This study is an examination of demographic and economic changes in Australian households between 1996 and 2006 and their impact on home ownership.
It is substantially an update of one carried out by Dr Judith Yates (2002), in which she examined the decade 1986 to 1996.
This earlier decade was the era of deregulation, a tough one on middle Australia and on the financial system, when many of the long-term protections on the labour market and on housing finance were wound down. Unemployment and interest rates were high, and income inequality rapidly increased. In 1990, a series of financial failures occurred, accompanied by a credit crunch. As a result, borrowing on housing sunk to its lowest post-war level relative to asset values and outright ownership reached an all-time high. The national home ownership rate, which changes very slowly, fell by about 1.5 percentage points over the decade.
By contrast, the present study period of 1996–2006 was the most benign period for all forms of borrowing in Australia’s history. Gross household incomes rose by 23 per cent in real terms over the decade, about half of which was due to a fall in unemployment and the rest to improvements in rates of pay. Interest rates were held low in response to several global economic crises in 1997, 1998 and 2001. The financial system was extremely liquid, both from a fourfold expansion of the local money supply and from exotic derivatives and lending instruments spawned by global deregulation. Household debt in Australia rose very rapidly to 10 times its real 1990 level in 2008, and from 33 per cent to over 160 per cent of household disposable income.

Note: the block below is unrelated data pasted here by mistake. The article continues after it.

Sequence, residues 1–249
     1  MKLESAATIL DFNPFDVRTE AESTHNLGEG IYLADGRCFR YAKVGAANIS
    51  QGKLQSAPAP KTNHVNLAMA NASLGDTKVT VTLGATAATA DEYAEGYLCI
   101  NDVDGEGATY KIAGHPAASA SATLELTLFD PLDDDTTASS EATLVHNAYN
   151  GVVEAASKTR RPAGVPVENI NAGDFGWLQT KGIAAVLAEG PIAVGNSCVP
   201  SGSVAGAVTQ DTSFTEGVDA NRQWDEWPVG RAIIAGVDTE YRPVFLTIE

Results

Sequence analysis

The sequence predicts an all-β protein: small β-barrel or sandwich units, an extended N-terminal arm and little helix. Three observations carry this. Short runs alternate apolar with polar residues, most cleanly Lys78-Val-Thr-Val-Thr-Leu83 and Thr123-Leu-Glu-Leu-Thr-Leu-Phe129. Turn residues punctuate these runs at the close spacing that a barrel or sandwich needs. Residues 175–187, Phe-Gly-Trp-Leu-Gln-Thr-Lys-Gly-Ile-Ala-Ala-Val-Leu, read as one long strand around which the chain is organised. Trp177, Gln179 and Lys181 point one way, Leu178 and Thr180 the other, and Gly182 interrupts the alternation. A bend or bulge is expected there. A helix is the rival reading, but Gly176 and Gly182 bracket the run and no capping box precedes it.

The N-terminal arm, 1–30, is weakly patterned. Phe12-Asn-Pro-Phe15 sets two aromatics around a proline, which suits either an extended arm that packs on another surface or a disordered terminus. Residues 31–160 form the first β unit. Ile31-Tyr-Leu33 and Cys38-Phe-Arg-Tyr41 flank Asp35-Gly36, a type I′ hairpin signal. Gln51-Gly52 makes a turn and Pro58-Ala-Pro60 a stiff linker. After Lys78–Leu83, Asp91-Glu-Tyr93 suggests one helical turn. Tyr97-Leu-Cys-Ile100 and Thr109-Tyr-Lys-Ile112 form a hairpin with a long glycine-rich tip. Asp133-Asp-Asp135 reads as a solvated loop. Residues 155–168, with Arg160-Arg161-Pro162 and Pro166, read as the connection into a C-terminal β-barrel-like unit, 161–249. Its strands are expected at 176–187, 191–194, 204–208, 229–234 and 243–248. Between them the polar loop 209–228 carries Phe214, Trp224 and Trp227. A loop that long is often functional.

Benign lending conditions and better incomes have usually been considered the key to improving home ownership, but in fact home ownership levels did not improve significantly or even recover to 1986 levels by 2006. It has been the task of this report to establish why this might have been the case.